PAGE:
Lucy begins talking before she even makes it into the office. By the time she takes her seat, I'm hearing the details of her day. She floods me with vivid descriptions of friends and enemies in her school, and, without prompting, I learn about the fight at dinner the previous night with her elderly grandparents, who are now, somewhat unwillingly, her guardians.
I draw a sociogram as she speaks, frantically trying to make sense of what she's pouring out, and also trying, in vain, to slow her down as I scribble a schematic who's who of her world. My arrows and jagged lines illustrating relationships in all directions resemble a web built by a spider on hallucinogens--a chaotic mess.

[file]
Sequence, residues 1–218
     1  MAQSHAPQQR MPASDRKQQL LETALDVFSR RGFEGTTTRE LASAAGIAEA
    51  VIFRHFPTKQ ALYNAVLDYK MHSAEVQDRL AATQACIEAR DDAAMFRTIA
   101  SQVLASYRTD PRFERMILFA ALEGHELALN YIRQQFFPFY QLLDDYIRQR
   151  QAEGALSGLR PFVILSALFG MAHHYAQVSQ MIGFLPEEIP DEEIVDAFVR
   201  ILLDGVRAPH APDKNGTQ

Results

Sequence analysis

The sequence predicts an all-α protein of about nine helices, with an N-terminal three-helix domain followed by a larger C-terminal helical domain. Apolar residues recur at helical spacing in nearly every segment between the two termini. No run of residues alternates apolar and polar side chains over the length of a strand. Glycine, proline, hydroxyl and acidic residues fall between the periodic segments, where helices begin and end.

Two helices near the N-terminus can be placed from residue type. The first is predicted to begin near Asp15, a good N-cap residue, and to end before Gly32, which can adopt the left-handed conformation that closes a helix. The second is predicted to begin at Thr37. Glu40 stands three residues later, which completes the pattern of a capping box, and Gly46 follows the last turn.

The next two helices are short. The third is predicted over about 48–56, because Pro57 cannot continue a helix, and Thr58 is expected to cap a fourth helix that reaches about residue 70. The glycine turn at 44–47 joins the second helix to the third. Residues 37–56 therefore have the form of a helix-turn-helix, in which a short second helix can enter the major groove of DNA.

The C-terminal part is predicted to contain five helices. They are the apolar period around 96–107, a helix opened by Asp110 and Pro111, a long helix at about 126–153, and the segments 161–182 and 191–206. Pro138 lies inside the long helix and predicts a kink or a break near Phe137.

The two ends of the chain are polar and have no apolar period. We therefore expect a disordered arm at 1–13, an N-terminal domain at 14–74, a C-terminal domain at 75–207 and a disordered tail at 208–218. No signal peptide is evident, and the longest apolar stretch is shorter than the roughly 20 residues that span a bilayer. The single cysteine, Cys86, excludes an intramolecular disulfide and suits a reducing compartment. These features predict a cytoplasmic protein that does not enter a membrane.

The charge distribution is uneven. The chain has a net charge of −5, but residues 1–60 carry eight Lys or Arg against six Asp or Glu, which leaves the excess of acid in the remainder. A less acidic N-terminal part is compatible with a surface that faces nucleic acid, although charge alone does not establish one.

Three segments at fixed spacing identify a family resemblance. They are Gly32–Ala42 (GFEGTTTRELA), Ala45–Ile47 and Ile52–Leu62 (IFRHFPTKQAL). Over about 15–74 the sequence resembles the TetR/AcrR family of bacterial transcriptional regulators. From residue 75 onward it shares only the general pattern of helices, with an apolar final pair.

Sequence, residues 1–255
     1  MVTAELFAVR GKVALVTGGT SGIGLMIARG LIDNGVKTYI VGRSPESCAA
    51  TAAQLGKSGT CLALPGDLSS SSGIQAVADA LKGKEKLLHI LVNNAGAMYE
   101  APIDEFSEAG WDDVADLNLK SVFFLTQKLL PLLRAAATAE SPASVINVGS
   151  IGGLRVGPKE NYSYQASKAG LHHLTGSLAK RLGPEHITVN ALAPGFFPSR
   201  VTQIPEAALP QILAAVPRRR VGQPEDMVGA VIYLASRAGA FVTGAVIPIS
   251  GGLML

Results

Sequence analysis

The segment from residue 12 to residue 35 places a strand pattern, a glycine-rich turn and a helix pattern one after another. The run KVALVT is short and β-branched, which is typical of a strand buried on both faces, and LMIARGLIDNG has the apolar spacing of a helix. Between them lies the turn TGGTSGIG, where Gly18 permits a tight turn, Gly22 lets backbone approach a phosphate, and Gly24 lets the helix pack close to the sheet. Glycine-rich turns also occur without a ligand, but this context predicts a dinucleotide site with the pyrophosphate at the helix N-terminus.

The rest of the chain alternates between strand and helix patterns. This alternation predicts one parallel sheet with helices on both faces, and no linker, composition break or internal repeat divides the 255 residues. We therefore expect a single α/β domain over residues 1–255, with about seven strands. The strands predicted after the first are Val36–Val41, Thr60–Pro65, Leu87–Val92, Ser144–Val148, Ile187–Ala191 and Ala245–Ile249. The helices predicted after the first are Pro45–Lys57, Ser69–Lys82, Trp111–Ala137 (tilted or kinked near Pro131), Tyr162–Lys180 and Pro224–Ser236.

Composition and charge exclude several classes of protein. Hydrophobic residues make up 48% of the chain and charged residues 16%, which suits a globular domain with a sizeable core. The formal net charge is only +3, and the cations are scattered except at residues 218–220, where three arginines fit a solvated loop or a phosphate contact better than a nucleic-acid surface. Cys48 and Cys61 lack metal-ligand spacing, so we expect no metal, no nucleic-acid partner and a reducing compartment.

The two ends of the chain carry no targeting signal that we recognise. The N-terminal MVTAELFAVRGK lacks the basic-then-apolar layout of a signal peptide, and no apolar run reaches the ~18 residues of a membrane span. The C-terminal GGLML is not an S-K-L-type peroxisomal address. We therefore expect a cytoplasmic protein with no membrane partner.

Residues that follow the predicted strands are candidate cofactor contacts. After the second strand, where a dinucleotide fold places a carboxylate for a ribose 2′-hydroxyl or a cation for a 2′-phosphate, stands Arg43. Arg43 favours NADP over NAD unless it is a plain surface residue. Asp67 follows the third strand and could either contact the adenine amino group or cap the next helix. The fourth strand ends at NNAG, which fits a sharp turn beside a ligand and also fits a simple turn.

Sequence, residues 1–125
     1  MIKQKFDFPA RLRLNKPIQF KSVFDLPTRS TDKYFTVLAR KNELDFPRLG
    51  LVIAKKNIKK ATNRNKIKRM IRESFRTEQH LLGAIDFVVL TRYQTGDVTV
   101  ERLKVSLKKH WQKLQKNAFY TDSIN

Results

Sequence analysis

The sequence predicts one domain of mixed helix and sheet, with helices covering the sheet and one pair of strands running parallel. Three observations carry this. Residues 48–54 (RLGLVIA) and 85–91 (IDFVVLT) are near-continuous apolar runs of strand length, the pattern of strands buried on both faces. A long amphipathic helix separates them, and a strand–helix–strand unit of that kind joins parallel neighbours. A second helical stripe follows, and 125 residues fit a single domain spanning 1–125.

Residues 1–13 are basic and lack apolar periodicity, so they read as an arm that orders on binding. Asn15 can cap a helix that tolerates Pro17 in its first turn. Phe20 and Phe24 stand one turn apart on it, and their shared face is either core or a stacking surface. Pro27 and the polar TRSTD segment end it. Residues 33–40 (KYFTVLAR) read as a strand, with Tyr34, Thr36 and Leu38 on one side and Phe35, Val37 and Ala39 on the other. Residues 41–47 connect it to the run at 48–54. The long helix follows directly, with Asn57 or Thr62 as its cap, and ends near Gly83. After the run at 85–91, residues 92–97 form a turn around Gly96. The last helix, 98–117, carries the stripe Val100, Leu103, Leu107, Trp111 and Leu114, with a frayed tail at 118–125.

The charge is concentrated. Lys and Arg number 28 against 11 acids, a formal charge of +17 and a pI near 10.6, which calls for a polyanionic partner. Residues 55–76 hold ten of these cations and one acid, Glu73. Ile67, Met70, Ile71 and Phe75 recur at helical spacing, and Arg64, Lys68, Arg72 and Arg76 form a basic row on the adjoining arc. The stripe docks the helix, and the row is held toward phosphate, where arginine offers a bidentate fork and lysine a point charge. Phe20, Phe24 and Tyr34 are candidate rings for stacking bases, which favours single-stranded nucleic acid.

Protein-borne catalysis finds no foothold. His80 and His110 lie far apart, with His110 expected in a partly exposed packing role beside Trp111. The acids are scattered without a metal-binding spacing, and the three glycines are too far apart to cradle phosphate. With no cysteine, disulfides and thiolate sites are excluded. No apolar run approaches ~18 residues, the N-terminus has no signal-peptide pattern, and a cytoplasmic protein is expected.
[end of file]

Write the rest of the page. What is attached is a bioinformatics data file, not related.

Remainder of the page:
When she's done, she exhales sharply, studies my drawing for accuracy, grabs my pen to embellish one big conflict, and glances up at me triumphantly. Yes, that's everyone--that's her life. My intake questions, the usual provisos about confidentiality and scheduling, are all postponed as I follow her compelling agenda.
All the while, Lucy has been sorting out the contents of her large purse. She spreads them on my couch as if they were science specimens: four notes passed to her from class, folded in carefully-tucked triangles; three other odd little pieces of paper with doodles and phone numbers on them; a pack of Marlboros; a fistful of loose change; a small, pink, bulging wallet; a guitar pick; an accordion of photos held together by a frayed rubber band; crumpled class…